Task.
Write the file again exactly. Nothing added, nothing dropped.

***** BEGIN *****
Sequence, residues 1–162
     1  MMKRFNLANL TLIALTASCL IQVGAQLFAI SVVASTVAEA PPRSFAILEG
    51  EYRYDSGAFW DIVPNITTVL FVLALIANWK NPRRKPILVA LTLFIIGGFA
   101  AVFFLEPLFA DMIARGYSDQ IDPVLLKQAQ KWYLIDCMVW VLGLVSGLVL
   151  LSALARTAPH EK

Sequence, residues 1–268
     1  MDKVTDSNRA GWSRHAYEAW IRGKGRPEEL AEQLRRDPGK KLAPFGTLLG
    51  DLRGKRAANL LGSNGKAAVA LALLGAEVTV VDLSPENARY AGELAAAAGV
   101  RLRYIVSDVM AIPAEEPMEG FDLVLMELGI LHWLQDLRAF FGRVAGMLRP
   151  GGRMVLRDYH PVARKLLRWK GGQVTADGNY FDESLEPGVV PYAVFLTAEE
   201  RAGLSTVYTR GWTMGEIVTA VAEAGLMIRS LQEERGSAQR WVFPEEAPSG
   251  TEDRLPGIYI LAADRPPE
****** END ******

Sequence, residues 1–162
     1  MMKRFNLANL TLIALTASCL IQVGAQLFAI SVVASTVAEA PPRSFAILEG
    51  EYRYDSGAFW DIVPNITTVL FVLALIANWK NPRRKPILVA LTLFIIGGFA
   101  AVFFLEPLFA DMIARGYSDQ IDPVLLKQAQ KWYLIDCMVW VLGLVSGLVL
   151  LSALARTAPH EK

Sequence, residues 1–268
     1  MDKVTDSNRA GWSRHAYEAW IRGKGRPEEL AEQLRRDPGK KLAPFGTLLG
    51  DLRGKRAANL LGSNGKAAVA LALLGAEVTV VDLSPENARY AGELAAAAGV
   101  RLRYIVSDVM AIPAEEPMEG FDLVLMELGI LHWLQDLRAF FGRVAGMLRP
   151  GGRMVLRDYH PVARKLLRWK GGQVTADGNY FDESLEPGVV PYAVFLTAEE
   201  RAGLSTVYTR GWTMGEIVTA VAEAGLMIRS LQEERGSAQR WVFPEEAPSG
   251  TEDRLPGIYI LAADRPPE